[No abstract or summary was published. What follows is an extract consisting of the two introductory paragraphs, and the two concluding paragraphs M.K. Oliver]
Reviewing the relevant but not very extensive literature on this topic soon discloses a varied interpretation of the phrase species flock, dnd its synonym, species swarm. To some authors it is simply a descriptive term used to embrace a number of taxonomically allied and endemic species occurring in a geographically circumscribed area. For others, there are evolutionary implications, especially with regard to the processes involved in a flock's formation. To yet others there are phylogenetic or genealogical implications to be considered with or without reference to the evolutionary processes involved. Almost the only common factors in those different approaches are that members of a flock should have some taxonomic cohesion, should occupy a very restricted area, usually a lake or island, and that the species should be endemic to that area. It is difficult to discover a unified species flock concept. It would seem to be more a descriptive term than a concept, an idea which, like Harriet Beecher Stowe's Topsy, "one 'spects just growed." Also reminiscent of Topsy, it is difficult to get much information on the term's actual birth, although that child's comment that she ".. was raised by a speculator" seems readily applicable to some of the ideas on how a species flock might have evolved.
Despite its origin, discussed [in this paper] as something little more than a descriptive phrase, the idea of a species flock soon became entangled with, and almost absorbed by, various ideas concerned with modes of speciation. That situation persisted until the early 1940's when, for the first time, there appeared to be some attempt to formulate a species flock concept as a particular aspect of evolutionary theory. [Here follows the bulk of the paper. Greenwood then concludes:]
Clearly then, the central issue in any attempt to formulate a species flock concept and identify species flocks must hinge on the monophyly of its members and the level of universality at which that monophyly is determined. In other words, an aggregate of several species should be identified as a flock only if its members are endemic to the geographically circumscribed area under consideration and are each others' closest living relatives. It is this element of immediate shared common ancestry which principally distinguishes a species flock from other species aggregates occupying geographically circumscribed areas. It is also an important indicator of the particular circumstances, both biotic and abiotic, leading to the flock's genesis, circumstances which are likely to differ substantially from those underlying the origin of other kinds of localized species aggregates.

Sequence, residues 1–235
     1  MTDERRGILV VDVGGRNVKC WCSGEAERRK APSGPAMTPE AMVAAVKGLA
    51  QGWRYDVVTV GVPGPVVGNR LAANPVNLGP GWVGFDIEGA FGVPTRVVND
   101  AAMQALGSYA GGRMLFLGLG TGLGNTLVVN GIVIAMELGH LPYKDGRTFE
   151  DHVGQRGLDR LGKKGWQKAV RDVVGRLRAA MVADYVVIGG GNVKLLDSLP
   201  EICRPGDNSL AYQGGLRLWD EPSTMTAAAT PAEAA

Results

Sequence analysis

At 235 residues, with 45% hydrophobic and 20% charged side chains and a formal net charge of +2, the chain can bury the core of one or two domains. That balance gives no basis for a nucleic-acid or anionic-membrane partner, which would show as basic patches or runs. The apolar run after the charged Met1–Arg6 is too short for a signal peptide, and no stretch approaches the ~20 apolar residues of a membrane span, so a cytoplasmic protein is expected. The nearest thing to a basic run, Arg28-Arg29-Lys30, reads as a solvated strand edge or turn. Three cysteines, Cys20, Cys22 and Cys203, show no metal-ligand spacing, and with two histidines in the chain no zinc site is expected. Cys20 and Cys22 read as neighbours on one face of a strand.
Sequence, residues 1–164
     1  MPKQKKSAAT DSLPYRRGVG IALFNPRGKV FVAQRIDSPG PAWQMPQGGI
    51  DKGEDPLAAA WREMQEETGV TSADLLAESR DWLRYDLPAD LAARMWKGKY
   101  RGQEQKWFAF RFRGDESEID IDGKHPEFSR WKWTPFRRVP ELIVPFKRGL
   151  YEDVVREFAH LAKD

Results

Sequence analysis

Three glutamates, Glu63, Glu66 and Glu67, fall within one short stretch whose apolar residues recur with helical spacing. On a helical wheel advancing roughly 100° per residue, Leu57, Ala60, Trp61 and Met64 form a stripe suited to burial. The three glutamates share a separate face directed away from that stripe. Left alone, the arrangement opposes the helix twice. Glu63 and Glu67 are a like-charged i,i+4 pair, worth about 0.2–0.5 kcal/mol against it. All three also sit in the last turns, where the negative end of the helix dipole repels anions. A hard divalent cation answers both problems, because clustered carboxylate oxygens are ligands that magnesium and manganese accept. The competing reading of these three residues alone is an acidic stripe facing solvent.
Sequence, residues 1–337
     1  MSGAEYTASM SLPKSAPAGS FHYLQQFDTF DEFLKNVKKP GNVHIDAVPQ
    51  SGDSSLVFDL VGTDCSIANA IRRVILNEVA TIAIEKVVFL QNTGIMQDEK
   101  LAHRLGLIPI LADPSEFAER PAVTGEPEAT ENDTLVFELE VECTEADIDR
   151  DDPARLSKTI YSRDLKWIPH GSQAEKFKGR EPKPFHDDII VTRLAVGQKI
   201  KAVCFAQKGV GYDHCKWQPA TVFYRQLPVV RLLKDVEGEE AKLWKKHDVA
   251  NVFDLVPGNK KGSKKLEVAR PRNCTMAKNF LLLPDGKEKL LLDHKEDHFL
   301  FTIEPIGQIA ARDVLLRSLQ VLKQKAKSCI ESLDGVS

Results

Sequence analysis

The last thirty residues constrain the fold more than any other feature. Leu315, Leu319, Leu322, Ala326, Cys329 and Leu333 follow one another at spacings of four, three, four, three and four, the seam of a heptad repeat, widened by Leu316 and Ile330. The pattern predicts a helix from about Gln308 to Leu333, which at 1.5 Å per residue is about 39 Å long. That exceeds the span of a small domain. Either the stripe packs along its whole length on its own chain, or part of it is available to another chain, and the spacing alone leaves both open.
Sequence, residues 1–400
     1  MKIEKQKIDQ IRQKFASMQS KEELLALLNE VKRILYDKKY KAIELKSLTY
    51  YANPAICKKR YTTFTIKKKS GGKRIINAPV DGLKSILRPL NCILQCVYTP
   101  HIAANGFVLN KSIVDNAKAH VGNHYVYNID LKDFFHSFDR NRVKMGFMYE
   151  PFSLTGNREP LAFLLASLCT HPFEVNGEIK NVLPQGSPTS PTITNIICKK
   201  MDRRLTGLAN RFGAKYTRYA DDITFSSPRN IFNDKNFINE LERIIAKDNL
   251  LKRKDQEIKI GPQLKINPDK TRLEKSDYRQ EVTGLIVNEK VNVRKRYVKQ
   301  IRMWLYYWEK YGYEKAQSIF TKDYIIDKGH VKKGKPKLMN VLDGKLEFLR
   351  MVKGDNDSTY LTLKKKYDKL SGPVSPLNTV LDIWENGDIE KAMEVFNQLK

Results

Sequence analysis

Seen in this light, the importance of species flocks lies not in their being some near
mystical evolutionary phenomenon, but in the empirical evidence which can be derived from
them and applied in a broader evolutionary context. If periods of intensive speciation are
common in phylogeny, as postulated in the punctuated equilibrium theory of evolution, there
may be nothing extraordinary about a species flock, even if the flock's size is more in
keeping with that of a Scottish crofter's than an Australian sheep farmer's.